“No tree, it is said, can grow to heaven unless its roots reach down to Hell”.
Carl Gustav Jung was a terrifying thinker. His ability to interpret and understand his own dreams and visions with such vivid clarity is something that is extremely rare. Born in 1875 in Kesswil (a small municipality north-east of Zurich), Jung was a lonely, introverted child. But he possessed a colourful and incredibly insightful imagination. Indeed, it can be argued that if it were not for the power of Jung’s imagination, he would not have made the discoveries about the human psyche that he did.
Jung possessed a distinct ability to utilise his imagination to delve deep into his own psyche, first into his personal unconscious, and then deeper into the collective unconscious that lay below. It was through stripping away these superficial layers of conscious society that enabled Jung to analyse the underbelly of society, looking upon it from beneath. At that depth, Jung was able to view the axiomatic, primordial currents of thought and culture that stretched across society for thousands of years; some stretching for as long as humans have existed in modern, civilised form. This ability, paired with his incredible understanding and knowledge of world religions, alchemy, the occult, ancient mythology, and culture, enabled Jung to identify such chronological currents — currents which anyone else would have missed or have been unable to see.
According to Jung, modern mankind was in search for his soul. After experiencing the atrocities and quagmires of the 20th century — Fascism and Communism alike — Jung stated that the greatest danger to mankind was man himself. The only solution was to become more conscious. According to Jung, mankind had “forgotten how to live the symbols in ourselves”. In other words, mankind had forgotten, whether by ignorance or blind innocence, the very axioms of historical culture that our societies depend upon for stability. Influenced by Nietzsche in this regard, Jung agreed with the German philosopher when he wrote,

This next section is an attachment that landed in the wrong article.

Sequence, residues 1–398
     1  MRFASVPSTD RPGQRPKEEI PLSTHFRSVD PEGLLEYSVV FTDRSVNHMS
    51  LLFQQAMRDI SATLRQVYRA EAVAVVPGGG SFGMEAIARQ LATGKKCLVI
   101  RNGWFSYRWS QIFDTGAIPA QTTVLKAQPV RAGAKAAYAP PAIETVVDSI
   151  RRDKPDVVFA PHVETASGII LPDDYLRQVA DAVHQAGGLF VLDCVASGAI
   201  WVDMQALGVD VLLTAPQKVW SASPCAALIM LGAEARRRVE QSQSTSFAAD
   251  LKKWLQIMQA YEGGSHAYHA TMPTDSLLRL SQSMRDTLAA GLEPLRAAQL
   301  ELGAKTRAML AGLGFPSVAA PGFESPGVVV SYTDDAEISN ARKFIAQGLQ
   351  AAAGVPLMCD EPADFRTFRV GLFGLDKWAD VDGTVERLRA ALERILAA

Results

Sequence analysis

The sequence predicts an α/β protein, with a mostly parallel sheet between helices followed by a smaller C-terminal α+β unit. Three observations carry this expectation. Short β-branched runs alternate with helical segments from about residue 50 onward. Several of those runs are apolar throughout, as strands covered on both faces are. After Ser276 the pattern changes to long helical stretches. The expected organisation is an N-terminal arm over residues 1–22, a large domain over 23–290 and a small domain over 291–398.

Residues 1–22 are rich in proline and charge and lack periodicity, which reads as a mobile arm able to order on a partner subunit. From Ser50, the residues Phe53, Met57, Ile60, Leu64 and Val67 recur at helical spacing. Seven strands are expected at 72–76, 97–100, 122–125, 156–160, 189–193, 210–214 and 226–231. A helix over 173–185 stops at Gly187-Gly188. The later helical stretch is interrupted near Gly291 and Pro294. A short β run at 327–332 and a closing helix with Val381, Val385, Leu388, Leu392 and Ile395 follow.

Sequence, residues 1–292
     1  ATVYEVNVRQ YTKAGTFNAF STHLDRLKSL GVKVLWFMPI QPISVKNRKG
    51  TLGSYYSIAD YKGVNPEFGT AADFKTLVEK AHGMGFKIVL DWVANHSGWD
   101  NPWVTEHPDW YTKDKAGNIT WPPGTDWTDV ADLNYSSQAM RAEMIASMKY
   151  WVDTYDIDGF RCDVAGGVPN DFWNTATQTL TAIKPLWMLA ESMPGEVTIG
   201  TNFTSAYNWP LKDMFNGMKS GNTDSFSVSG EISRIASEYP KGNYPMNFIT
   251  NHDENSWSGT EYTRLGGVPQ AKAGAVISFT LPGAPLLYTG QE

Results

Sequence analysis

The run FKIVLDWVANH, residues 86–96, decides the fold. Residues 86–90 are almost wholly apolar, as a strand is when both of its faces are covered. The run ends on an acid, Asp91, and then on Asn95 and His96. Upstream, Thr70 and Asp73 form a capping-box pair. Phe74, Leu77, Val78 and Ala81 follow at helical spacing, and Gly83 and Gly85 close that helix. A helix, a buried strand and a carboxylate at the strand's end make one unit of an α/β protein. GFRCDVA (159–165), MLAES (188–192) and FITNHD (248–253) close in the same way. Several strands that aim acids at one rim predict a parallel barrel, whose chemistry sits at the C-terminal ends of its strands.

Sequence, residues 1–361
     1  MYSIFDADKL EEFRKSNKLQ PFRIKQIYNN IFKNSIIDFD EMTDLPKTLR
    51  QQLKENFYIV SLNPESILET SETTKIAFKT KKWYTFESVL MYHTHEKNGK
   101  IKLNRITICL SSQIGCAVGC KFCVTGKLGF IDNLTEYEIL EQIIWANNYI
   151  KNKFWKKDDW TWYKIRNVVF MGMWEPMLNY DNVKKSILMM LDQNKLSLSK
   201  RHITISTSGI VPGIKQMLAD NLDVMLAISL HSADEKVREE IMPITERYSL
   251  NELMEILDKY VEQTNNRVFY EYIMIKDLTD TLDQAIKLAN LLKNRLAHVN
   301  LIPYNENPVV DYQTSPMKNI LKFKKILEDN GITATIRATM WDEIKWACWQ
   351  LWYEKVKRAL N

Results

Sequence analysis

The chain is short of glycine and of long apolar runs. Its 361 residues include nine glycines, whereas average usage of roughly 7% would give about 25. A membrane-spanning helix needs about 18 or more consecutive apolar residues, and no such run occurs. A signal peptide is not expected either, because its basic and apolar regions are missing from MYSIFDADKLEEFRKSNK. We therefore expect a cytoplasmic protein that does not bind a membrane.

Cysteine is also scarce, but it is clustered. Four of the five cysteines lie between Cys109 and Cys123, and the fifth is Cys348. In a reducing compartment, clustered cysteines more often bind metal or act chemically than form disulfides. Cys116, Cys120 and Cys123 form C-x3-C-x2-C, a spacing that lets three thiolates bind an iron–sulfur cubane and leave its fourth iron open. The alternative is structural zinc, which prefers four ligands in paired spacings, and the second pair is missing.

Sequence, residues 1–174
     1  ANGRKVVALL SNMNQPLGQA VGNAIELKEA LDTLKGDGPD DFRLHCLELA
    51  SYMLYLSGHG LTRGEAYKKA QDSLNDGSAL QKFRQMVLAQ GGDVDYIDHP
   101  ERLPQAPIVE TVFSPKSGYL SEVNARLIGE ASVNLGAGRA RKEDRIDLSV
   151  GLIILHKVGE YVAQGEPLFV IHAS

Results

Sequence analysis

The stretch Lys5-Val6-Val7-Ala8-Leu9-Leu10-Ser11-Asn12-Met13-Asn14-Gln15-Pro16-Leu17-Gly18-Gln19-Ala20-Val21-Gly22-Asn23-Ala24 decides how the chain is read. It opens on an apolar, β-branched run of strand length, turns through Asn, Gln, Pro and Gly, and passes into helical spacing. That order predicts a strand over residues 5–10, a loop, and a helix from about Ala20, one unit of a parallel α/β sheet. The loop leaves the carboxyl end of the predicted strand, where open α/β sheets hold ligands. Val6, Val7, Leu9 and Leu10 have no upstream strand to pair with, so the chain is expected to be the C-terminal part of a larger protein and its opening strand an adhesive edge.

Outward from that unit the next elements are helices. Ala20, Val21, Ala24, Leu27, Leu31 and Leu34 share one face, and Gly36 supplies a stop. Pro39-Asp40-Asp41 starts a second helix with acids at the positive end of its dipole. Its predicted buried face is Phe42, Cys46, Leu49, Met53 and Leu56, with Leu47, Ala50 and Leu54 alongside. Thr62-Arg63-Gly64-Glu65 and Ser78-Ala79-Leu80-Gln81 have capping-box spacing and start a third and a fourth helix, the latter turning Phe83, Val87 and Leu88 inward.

“God is Dead! God remains dead! And we have killed him”.
Jung realised that what Nietzsche meant by this was that man had forgotten the very clear fact that Western civilisation had been built and buttressed upon Judeo-Christian foundations. Therefore, to uproot this and assert that man himself was God was a very dangerous action on the part of mankind in the late 19th Century. This void was to be filled, as Nietzsche predicted, by either pointless Nihilism or extreme ideology.
Jung continued and developed Nietzsche’s argument. He argued that if the value hierarchy of Western civilisation (of which the Judeo-Christian religion was the cornerstone) collapsed, then people would lose all meaning in their lives. And, like Nietzsche, Jung believed that this would be catastrophic for society. The course of the 20th Century only served to validate these predictions.
Jung was clearly a religious man; heavily influenced by Christianity in particular. When asked in an interview in 1959: “Do you now believe in God?”, Jung replied
“now? [It’s] Difficult to answer. I know. I don’t need to believe. I know”.
Through studying and exploring many past and present religions and mythologies, Jung came to the conclusion that the deities of such religions and mythologies were not just supernatural and improvable entities, but instead were representations of ancient instinctual systems, emotions and temperaments that lay deep within mankind’s subconscious mind. Prior to Jung, the field of psychology determined that it was the individual that governed and held autonomy over such emotions and instincts. However, Jung pointed out, through deep contemplation on the matter, that the roles should be reversed.
Such instinctual systems were not governed by the individual — rather, it was the instinctual systems that governed the individual. Jung accredited this reversal in power to the fact that such instinctual systems have existed since the beginning of mankind, and in similar forms long before mankind ever existed. The instinctual emotional systems of mammalians, vertebrates, and even some invertebrates all share similar correlation. Now whilst it must be said at this point that correlation is not causation, there is something to be said for the distinct connection between even the earliest instinctual systems of crustaceans and modern man. The fact is that these emotions and instincts which every individual possesses are primordial. In fact, they are not just primordial — they are the very rudiments of organismal life on Earth.